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Thursday, 9 February 2017
Page: 537

Pensions and Benefits


Mr SHORTEN (MaribyrnongLeader of the Opposition) (14:31): My question is to the Prime Minister. Is the Prime Minister aware that almost three million children are in families that receive family tax benefit part A? Prime Minister, how many of these three million children are in families that will have their payments cut?


Mr PORTER (PearceMinister for Social Services) (14:32): I thank the member opposite for his question. As mentioned earlier, there are about 1.5 million families that we could describe as family tax benefit families in the system. The question has been asked about some numbers, so I will give you some numbers: of those 1.5 million families, 720,000 have children of childcare age—between zero and five years. Of those 1.5 million families, 480,000 have children of after-school care age—aged six to 12 years. All of those families with children of those ages stand to benefit from generation-changing childcare reform—that is 720,000 out of 1.5 million; and 420,000 out of 1.5 million. We will get on to the Leader of the Opposition's number, so let me tell you this: there are one million children of long day care age, between zero to five years, inside the family tax benefit system. There are 1.2 million children of after-school care age, between six to 12 years, and the families of those children all stand to benefit from reform to child care.

Let me give you a few examples of how that reform might work: earlier on we heard about Kelly, whose youngest child was aged seven. If, for instance, you had two children aged six and over and were earning a low income of about $50,000, you would stand to benefit $239 a year, because you could access the reforms to child care that we have put on the table. What is fascinating is that we have devised a system where we can find appropriate savings inside the family tax benefit system and reinvest almost all of those into generational reform to child care. Members opposite also made some savings inside the family assistance system, you might realise. In fact, they made $23 billion worth of savings, and so—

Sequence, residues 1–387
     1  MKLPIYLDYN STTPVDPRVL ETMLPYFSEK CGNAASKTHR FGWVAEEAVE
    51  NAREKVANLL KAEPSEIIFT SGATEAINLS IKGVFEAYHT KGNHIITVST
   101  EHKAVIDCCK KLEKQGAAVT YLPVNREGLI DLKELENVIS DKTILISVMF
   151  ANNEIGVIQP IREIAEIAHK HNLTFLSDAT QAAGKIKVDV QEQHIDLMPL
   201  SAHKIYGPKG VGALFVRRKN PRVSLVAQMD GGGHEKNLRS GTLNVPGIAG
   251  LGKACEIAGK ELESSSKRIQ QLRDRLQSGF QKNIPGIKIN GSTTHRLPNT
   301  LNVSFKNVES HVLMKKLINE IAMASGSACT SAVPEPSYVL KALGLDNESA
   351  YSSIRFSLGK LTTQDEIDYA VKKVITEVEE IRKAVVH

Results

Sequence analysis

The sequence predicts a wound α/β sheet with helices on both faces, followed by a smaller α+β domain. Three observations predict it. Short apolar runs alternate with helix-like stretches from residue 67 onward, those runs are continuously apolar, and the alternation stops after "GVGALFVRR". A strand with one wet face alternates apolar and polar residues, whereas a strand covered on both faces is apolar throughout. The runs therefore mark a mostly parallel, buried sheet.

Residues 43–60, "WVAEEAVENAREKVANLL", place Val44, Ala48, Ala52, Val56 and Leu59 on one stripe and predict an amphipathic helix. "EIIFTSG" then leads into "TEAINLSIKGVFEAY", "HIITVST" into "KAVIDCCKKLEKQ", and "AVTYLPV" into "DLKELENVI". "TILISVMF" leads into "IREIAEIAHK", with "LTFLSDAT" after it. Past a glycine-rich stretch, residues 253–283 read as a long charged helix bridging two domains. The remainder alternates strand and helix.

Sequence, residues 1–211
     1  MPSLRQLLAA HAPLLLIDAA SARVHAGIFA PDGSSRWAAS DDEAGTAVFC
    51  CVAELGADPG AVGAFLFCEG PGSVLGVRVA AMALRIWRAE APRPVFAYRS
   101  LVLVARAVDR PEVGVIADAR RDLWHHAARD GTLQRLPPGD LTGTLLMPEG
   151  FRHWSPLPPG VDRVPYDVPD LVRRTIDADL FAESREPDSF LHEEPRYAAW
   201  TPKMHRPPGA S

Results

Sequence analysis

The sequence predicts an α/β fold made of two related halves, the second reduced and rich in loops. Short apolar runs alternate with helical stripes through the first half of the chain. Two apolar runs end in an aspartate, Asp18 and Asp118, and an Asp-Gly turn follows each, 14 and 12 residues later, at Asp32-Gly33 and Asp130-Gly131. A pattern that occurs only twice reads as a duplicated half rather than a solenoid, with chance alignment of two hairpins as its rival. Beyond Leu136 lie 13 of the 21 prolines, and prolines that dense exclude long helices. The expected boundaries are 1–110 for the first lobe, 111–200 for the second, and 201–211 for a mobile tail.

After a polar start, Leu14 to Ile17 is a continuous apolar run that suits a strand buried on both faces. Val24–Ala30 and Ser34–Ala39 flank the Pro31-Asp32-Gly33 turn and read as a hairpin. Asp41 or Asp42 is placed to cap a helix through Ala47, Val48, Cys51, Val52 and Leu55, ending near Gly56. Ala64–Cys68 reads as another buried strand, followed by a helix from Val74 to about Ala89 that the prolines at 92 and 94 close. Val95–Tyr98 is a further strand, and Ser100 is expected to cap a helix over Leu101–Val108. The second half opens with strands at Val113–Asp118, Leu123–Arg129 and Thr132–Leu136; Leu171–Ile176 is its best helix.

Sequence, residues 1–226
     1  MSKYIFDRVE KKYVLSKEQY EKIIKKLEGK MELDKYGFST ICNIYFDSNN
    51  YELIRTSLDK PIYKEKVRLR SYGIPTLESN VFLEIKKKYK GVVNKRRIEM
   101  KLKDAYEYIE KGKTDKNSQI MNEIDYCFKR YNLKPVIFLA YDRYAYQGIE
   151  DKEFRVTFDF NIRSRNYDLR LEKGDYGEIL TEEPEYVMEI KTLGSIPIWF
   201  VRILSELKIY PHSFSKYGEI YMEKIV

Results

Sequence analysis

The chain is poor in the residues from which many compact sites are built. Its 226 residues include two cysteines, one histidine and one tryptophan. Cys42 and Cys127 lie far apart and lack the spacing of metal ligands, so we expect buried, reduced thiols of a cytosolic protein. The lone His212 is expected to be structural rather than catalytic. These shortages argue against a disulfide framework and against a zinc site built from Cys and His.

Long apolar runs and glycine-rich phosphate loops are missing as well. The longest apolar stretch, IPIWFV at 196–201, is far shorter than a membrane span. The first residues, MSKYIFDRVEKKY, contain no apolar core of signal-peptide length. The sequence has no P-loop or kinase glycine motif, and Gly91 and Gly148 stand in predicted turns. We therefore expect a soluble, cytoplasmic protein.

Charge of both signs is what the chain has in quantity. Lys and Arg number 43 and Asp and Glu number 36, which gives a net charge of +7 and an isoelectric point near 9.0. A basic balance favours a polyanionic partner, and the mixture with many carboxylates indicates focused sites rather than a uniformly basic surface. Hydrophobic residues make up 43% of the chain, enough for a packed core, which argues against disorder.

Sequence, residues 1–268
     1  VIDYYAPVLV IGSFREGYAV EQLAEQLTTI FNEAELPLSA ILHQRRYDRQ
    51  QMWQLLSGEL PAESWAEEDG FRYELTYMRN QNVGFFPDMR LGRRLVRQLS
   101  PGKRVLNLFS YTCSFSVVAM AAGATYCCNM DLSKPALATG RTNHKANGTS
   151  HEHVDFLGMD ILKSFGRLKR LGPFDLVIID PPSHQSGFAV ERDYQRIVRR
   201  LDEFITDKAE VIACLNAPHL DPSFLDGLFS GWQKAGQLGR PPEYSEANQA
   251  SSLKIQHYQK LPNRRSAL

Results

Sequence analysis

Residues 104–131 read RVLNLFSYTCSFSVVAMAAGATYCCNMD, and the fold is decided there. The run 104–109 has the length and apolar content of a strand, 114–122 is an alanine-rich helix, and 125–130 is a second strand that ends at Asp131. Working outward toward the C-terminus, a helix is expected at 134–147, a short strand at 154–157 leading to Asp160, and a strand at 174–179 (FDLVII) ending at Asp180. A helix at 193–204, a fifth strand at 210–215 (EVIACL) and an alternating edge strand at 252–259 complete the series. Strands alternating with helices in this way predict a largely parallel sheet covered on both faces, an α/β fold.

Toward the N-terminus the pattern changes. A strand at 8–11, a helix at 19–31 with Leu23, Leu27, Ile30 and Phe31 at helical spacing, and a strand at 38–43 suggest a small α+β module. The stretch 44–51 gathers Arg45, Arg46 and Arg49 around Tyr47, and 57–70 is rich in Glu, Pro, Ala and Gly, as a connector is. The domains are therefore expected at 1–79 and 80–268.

The SPEAKER: The minister will resume his seat. The Leader of the Opposition on a point of order.

Mr Shorten: My point of order is on relevance. There was no preamble. I asked one simple question: how many of these three million children are in families that will have their payments cut? The minister is talking about children who are not affected by their cuts. We just want him to the answer to one question: how many children are in families that are going to get a cut in family payments?

Mr PORTER: As I was noting, we have invested all of the money that we are saving from the family tax benefit system. The fact is that members opposite also made some savings. They made $23 billion—

The SPEAKER: The minister will resume his seat for a second. It was a very specific question and the minister, in the early part of his answer, was very specific with some figures. I have to say to the Leader of the Opposition that at that point I deemed him relevant. Whilst members asking questions would like them answered in a particular way, he was answering them with figures that might have required you to do some calculations. The minister is now moving to a more general area, and I would ask him to either come back to the specifics or seek to wind his answer up.

Mr PORTER: There are 720,000 families out of 1.5 million who will benefit—net benefit. There are 480,000 families with children who are of long day care age who can also benefit. All of those families stand to benefit from childcare reforms that we have on the table, and what reforms have been offered by those opposite? Nothing. How much of that $23 billion worth of savings did they reinvest into child care? Zero.